Things to Consider Before Buying a Cow Skull

Moving Forward

I’ve come to realize after reading through a whole mass of comments yesterday that I get roughly the same questions time and time again with a few slight variations. In the coming weeks I will spend some time addressing those questions but I would also like to start showcasing skulls from the community. I’ve had hundreds ask me about skulls they are working on – so let’s seem them! Leave me a comment on this post and we can talk further about getting your skull featured on here. 


Before Buying A Cow skull

  1. Put Your Nose To The Test – whether you’re at a flea market, found a dedicated bone shop, or you’re visiting a local rancher the best way to ensure you’re getting a clean skull is to get personal with it and smell it. I’m not talking just a light sniff from a few feet away – pick the skull up, put your nose in the eye socket and take a big whiff. While I come across a lot of skulls that are “clean” on the outside, more often than not it has a putrid smell when I get in the socket. This is an indication that there is still flesh on the inside that has not fully decomposed. Unless the skull is extremely unique (exotic animal) or it’s extremely cheap (under $15), then I recommend you move along. I like to buy these for experimentation, not for customers. I also recommend that if you purchase to make sure it’s smaller and not a monster bison or anything of that nature – it’ll be easier to clean, but we’ll discuss that in a moment. 
  2. Inspect and Sniff the Horns! – I know, the eye sockets sniff test is weird enough, but the horns are often neglected and can be a significant source of odor, even if the main part of the skull smells fine. This is especially problematic with the actual horn, which is the outer shell covering that detaches from the bone during decomposition. If you get a strong scent from the horn OR underneath the horn, I highly recommend you move along. Probably going to be more trouble than it’s worth later on. 
  3. Talk to the Seller – Get to know the folks you’re buying the skulls from. Ask them how they acquired the skulls, see if they are a middleman. Try to understand a bit about the animal – did it come from a slaughterhouse or did it pass naturally at pasture? Slaughterhouse skulls I always find have an extra special layer of stench. Identify how the skull was initially cleaned. I have never found a skull where the seller has told me they boiled it and I’ve completed the purchase – it either looks like crap or it smells still. I am not a fan of boiling – complete mess, most people do it wrong, and it’s too easy for something to go wrong. 
  4. Don’t Overpay – While it can be tricky tracking down skulls, don’t ever overpay for a skull. It’s not worth it – there are thousands out there. You just need to get creative in tracking down the right skull. Talk to ranchers, scour flea markets, search online even. If someone is trying to sell you a damaged skull with crap horns and some odor for over $100 – forget it. Honestly, mediocre cattle skulls are a dime a dozen and are worth no more than $50.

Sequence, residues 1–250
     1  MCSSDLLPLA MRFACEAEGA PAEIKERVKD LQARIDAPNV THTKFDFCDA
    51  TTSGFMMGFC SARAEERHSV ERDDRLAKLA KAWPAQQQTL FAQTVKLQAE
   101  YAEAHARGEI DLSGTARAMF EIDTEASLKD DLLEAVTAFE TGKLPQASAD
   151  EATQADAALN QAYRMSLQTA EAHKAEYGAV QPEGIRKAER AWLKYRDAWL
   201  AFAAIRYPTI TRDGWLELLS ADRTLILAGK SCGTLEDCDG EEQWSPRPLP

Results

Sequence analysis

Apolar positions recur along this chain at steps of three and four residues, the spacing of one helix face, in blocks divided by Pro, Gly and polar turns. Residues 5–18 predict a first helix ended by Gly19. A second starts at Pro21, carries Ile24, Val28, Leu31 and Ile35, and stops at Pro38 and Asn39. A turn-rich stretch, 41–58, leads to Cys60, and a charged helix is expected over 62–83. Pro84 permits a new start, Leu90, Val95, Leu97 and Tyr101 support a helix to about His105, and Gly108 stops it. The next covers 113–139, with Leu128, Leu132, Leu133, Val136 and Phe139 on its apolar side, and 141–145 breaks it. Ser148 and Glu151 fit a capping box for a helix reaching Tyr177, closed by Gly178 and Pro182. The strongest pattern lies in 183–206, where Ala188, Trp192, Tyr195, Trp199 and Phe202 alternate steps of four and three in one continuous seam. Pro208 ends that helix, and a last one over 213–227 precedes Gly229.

Hope this helps! Always feel free to leave a comment and ask a question. I’ll try to get back with you as soon as possible. Happy painting 🙂 


4 thoughts on “Things to Consider Before Buying a Cow Skull

  1. Jim Berridge Reply

    Wow, great info, I am glad I found your comments. We have been paying $30-50 for decent skulls and creating really cool art with them. I have become a smarter buyer, thank you

  2. Linda Dhaseleer Reply

    Hi Dave – We don’t “boil” – but we do simmer. Depending on how fresh the skull is, it might take 6-8 simmers (first ones in low-phosphate soapy water, followed by at least one or two in clean water). We don’t “over-boil” (higher temperatures for long periods of time) – which can soften/damage the bone… but honestly, I think repeated/lengthy immersion in hot soapy water is the ONLY way to clean bones/skulls because the water we dispose of is SO incredibly dark and foul smelling – even from the cleanest LOOKING found bone… plus it is important to kill any disease/bacteria/virus. If you think of it… with found bones, the decomposed flesh has melted into the porous bone. That has just GOT to come out if you are going to have a clean-smelling result. I can’t imagine going to all the effort of painting a skull that hasn’t been cleaned properly and will therefore always smell “dead”.

  3. Nikki Reply

    Hi Dave! I recently purchased a bison skull and after searching Google I found your posts which have been very helpful but i’m lacking in the inspiration. You wouldn’t happen to have an instagram where you showcase your work?

    • Dave Yeti Post authorReply

      Hey Nikki, sorry. No Instagram (for the skulls at least). I recommend going on Pinterest though! That’s where I find a ton of inspiration. I keep some painted skull boards there.

Leave a Reply

Your email address will not be published. Required fields are marked *

This site uses Akismet to reduce spam. Learn how your comment data is processed.